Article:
As the cliffs of Creigiau Dre fade into foggy darkness, and the players start to have multiple shadows in the floodlights, Bangor score again. There’s not much time left for Porthmadog, and their players start to look weary. Another Bangor substitute starts to come on, then turns back, tugging at his wedding ring. Having handed it to someone in the little, low hut from which he’d just emerged, he runs on. It’s almost over. People turn to leave before the end: it’s too late for Porthmadog to draw now, they think. Before they started to trickle into the dusk, there were as many spectators at the game as there are words in this post: nine hundred and something.

Image and words ©Susan Walton 2018.

If you’d like to read proper blog posts about being a Bangor City supporter – a ‘Comrade’ – go to John Dexter Jones’ blog. Better still, buy his slim volume Four Seasons: a Bangor Football Concerto because John is making a donation from the sale of each book to Bangor’s Abbey Road mental health resource and information centre.


Walking on water (almost)

I’d almost done it; now was no time to slip! I’d walked both shores of the Menai Strait except for …

Walking on water (almost)

I’d almost done it; now was no time to slip! I’d walked both shores of the Menai Strait except for the stretch on the mainland side between the two bridges. This was the last piece of the jigsaw and, even though I’d waited for the lowest tide of the year, I still had to paddle through shallow water. There wasn’t any sort of beach for me to walk on there: the tide didn’t go out far enough. Shoreward a tangle of huge rocks with a thick coating of slippery, strappy seaweed loomed over me. Close by on my other side a green, deep and dangerous channel of sea moved like a lazy snake, even now at slack water.

I’d started this journey almost two years before, as a result of many sunny evenings spent gazing across the water from the Anglesey Arms in Caernarfon.  There’s a a group of Scots pines on a little headland on the opposite, Anglesey shore which always drew my gaze. Bit by bit I’d walked as much of the Strait shores below high water as possible. I went from Abermenai Point to Trwyn Du on the Anglesey side, and Fort Belan to Llanfairfechan on the mainland. Where I couldn’t walk on the shore itself I’d walked as close as I could on public paths and roads. I thought I knew the Strait shorelines: I’d been for many walks down to the water, and gazed on it from buses, trains and cars. But this walk took me to places I’d never imagined.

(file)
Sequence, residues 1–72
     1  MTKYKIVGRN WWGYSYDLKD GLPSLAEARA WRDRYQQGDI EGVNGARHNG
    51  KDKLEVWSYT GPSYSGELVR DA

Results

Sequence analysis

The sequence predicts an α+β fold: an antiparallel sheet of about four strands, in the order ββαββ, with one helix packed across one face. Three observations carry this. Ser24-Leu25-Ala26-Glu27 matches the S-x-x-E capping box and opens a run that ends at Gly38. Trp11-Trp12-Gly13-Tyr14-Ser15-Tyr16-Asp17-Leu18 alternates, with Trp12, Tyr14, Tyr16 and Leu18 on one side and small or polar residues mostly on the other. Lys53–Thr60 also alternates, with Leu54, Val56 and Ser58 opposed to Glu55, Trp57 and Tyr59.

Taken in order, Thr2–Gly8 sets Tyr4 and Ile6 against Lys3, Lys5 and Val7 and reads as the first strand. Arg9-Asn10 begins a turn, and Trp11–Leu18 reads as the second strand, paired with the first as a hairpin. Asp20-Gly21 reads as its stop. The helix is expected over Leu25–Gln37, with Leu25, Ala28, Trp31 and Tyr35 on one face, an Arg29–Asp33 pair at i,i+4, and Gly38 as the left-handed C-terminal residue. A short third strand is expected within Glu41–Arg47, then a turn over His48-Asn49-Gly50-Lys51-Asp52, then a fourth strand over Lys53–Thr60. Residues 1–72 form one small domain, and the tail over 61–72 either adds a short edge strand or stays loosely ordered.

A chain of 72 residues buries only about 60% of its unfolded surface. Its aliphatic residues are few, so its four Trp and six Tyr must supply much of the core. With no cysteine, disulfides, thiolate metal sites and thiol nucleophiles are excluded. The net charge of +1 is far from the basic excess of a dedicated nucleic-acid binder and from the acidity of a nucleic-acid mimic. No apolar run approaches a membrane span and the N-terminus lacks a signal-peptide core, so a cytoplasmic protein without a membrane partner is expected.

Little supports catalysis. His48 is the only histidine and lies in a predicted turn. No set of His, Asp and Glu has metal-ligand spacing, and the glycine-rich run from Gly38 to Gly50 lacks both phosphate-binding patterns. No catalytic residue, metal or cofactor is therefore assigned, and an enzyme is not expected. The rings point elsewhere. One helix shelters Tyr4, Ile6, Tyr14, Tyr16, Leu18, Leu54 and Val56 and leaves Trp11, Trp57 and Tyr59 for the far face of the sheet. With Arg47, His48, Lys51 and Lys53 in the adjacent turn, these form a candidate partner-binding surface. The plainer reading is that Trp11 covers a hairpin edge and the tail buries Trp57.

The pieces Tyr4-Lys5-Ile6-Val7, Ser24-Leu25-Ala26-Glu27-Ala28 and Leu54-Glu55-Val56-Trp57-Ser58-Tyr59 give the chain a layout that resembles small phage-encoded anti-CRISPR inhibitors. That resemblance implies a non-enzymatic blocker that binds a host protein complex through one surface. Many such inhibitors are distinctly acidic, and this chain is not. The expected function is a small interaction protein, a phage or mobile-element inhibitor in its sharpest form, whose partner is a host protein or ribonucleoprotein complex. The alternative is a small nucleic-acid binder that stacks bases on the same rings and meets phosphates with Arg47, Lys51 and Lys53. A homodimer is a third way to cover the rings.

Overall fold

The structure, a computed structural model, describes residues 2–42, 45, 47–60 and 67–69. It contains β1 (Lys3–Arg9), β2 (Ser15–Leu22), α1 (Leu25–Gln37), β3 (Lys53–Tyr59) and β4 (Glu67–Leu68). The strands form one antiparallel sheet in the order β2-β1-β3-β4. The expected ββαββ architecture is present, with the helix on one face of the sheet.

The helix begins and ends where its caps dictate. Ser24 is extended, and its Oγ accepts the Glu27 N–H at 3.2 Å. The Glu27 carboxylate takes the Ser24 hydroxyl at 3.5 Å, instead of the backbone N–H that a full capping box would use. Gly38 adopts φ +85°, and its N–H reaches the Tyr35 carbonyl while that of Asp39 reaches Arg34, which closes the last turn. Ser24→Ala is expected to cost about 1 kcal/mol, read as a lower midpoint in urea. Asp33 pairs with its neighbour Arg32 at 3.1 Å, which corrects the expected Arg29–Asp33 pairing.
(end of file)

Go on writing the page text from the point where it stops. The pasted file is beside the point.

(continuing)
Some of the most unexpected things I saw were on the Anglesey side: derelict lime kilns, huge stepping-stone cubes in the Afon Braint that look like modern art, and a hidden, high sea wall nearby. I saw the familiar from new perspectives: in new lights and new colours, and from different angles. A shift in sunlight, and the water could change from petrol blue to jade green to slabby grey in a few seconds. One November dusk, in a freezing wind, I watched as the western side of the Britannia Bridge turned from mustard-yellow to pale mauve-grey. In the dying light I counted thirteen cormorants perched on the vertical face of the bridge, on the shaded, eastward side, in the teeth of the wind. Why were they on the cold side? A solitary, fluffed up grey wagtail had a better idea: it was on the western side, catching the last of the sun.

I saw four great egrets at Aber Braint, and saw the sea at Trwyn Du roiling with shoals of herring and whitebait. I saw eighty or ninety swans feeding, and a similar number of grey lag geese, while wading across the river at Aber Ogwen. On a muggy May evening, in the shoreline woods between Plas Newydd and Pwll Fanogl, a sparrowhawk sliced silently past me. I came across a fuddled guillemot in dazzling noonday sun on the endless sandy beach at Abermenai, and found an oystercatcher’s skull at dusk on the stony beach by Waterloo Port. The bone was perfect, cleaned by salt water. But none of these was my most breathtaking encounter with wildlife.

The moment, or rather the ten minutes, came at Porth Penmon. I was sitting at the top of the beach, looking out idly across the water. My eye caught movement among the seaweed-covered rocks further down the beach, newly revealed by the ebbing tide. Nothing in my wildlife-watching experience had prepared me for what I saw when I raised my binoculars: a stoat on a beach. It was quartering the rocks horizontally, in exactly the same way stoats normally hunt in a vertical dry-stone wall. Up and over, in and out, seaweed pushed through and flipped aside. It moved behind some larger rocks, and I stood up cautiously to follow it with the binoculars. Out it popped, taking no notice of me. As I walked away along the beach it was still hunting, either oblivious or unafraid.

Image ©estate of Geraint Thomas. Words ©Susan Walton 2010.

Drinking beer outside the Anglesey Arms in Caernarfon inspired me to walk the foreshores of the Menai Strait. I wanted to get up close to those picturesque Scots pines on the opposite shore.